By Mohammad Ibrar, MA South Asian Area Studies
Several prominent Indian Muslim women woke up on New Year’s Day to see themselves ‘on sale,’ with their names and pictures being circulated with derogatory comments. An app called ‘Bulli Bai,’ developed by young Hindu men on the open-source platform ‘GitHub’ was the second such instance of anonymous social media users ‘auctioning’ Muslim women with such brazen impunity.
The first time was on 4 July 2021, with many women having their pictures used as part of the ‘deal of the day’ on a similar app called Sulli Deals. However, no arrests were made by the Delhi Police which is controlled by the Home Ministry of the Narendra Modi government and in charge of the investigation.
While the Sulli Deals app remained up for several weeks, the Bulli Bai app was taken down within 24 hours, with the Mumbai Police getting into action and arresting several suspects — all students in their early 20s — from multiple locations across the country.
Many of those arrested were found to be part of the ‘Trad ecosystem’ on social media — a group of young men and women who had based their ideology off of both Hindutva or political Hinduism, and from the alt-right movement sweeping in the West. These groups ran multiple Twitter handles and Instagram meme pages where they often used genocidal language against India’s Muslim community.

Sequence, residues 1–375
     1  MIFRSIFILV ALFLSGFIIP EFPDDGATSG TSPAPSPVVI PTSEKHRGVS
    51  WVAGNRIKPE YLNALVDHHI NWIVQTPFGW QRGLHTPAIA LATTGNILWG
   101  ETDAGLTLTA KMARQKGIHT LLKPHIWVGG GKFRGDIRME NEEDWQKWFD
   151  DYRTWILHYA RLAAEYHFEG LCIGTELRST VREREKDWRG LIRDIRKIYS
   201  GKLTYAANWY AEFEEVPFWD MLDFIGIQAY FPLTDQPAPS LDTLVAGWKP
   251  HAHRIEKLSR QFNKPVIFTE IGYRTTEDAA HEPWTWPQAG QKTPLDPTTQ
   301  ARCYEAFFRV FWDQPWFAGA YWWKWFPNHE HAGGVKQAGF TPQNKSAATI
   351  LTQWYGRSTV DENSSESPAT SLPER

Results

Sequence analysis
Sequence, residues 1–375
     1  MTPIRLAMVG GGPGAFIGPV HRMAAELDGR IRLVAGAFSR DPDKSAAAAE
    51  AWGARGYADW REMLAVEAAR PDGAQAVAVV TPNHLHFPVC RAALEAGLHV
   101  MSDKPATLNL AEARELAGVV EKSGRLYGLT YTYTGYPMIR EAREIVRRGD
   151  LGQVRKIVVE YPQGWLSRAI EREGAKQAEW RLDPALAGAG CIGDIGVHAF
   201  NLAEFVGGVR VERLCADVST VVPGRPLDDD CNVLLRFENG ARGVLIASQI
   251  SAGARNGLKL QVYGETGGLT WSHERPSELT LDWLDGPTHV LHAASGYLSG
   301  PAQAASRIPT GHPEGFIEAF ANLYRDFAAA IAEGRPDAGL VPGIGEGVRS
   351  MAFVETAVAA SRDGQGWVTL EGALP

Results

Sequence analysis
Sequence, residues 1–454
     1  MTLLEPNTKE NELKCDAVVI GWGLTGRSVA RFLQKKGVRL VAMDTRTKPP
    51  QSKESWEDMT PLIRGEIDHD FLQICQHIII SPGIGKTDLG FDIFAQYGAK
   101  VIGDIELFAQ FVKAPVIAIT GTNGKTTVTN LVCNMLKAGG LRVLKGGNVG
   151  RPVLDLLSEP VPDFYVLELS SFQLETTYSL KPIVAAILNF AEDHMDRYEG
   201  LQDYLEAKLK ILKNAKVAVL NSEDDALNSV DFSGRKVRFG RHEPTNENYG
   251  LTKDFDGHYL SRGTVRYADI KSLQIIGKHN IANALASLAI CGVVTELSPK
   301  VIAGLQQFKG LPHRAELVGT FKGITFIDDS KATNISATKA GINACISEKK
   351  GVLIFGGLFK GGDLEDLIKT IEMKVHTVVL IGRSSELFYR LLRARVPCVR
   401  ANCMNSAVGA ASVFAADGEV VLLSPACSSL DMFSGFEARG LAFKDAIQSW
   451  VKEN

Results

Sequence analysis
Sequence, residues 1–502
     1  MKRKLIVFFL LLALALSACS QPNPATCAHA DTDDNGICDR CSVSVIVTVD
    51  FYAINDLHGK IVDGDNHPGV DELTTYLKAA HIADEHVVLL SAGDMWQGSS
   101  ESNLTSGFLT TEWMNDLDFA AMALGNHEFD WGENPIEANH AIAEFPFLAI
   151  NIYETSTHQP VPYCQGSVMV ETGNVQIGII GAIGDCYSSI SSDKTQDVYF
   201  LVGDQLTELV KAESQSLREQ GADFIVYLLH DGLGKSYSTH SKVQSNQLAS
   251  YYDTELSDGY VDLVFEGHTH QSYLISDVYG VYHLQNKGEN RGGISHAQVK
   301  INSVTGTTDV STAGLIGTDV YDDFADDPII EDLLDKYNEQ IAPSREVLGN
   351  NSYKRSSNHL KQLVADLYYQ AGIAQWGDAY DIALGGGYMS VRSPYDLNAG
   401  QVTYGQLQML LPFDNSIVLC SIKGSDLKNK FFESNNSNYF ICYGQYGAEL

Amid the pernicious gloom of Indian social media and the incessant trolling, threats, and abuses faced by Muslim men and women on a daily basis, there is a sliver of hope.
For young Indian Muslims, Twitter and other platforms have become ‘a potent medium,’ says writer Hussain Haidry, a prominent voice of the community on Twitter who routinely questions and protests against hate speech by the so-called ‘fringe’ elements and by mainstream Indian TV media known for its daily hateful shows directed against Muslims.
The potency of the medium is clear from the fact that it was the relentless social media campaigns by young Muslims that bore result in the Bulli Bai app case. Not only was the case widely covered by the mainstream media after the near-silence in the Sulli Deals app case, but the arrests were quick and the usually silent political class came out acknowledging the bigotry and daily threat faced by Muslims, especially women.
As such, Twitter and other social media platforms have become the new protest ground for India’s Muslims whose physical assemblies always run the risk of being sabotaged by Hindutva followers to create street violence, which means more Muslims in jails. On social media, though still not a safe space to voice opinions, the fear of physical assault — by both police and others — becomes non-existent.